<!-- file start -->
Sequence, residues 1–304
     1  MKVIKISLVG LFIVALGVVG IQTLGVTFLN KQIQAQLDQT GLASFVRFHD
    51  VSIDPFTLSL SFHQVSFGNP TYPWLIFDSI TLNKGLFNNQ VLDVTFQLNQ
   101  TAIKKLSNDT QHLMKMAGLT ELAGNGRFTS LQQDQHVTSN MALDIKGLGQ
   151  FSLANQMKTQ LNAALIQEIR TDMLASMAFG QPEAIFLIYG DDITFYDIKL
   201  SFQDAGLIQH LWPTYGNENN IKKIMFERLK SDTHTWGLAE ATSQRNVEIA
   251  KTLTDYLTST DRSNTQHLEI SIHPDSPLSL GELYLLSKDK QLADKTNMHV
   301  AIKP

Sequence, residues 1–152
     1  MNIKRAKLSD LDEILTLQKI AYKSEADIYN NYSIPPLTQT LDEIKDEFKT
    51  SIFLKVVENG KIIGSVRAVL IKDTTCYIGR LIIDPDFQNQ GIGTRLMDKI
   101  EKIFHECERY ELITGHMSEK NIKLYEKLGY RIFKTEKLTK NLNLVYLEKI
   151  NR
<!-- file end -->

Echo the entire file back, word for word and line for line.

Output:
Sequence, residues 1–304
     1  MKVIKISLVG LFIVALGVVG IQTLGVTFLN KQIQAQLDQT GLASFVRFHD
    51  VSIDPFTLSL SFHQVSFGNP TYPWLIFDSI TLNKGLFNNQ VLDVTFQLNQ
   101  TAIKKLSNDT QHLMKMAGLT ELAGNGRFTS LQQDQHVTSN MALDIKGLGQ
   151  FSLANQMKTQ LNAALIQEIR TDMLASMAFG QPEAIFLIYG DDITFYDIKL
   201  SFQDAGLIQH LWPTYGNENN IKKIMFERLK SDTHTWGLAE ATSQRNVEIA
   251  KTLTDYLTST DRSNTQHLEI SIHPDSPLSL GELYLLSKDK QLADKTNMHV
   301  AIKP

Sequence, residues 1–152
     1  MNIKRAKLSD LDEILTLQKI AYKSEADIYN NYSIPPLTQT LDEIKDEFKT
    51  SIFLKVVENG KIIGSVRAVL IKDTTCYIGR LIIDPDFQNQ GIGTRLMDKI
   101  EKIFHECERY ELITGHMSEK NIKLYEKLGY RIFKTEKLTK NLNLVYLEKI
   151  NR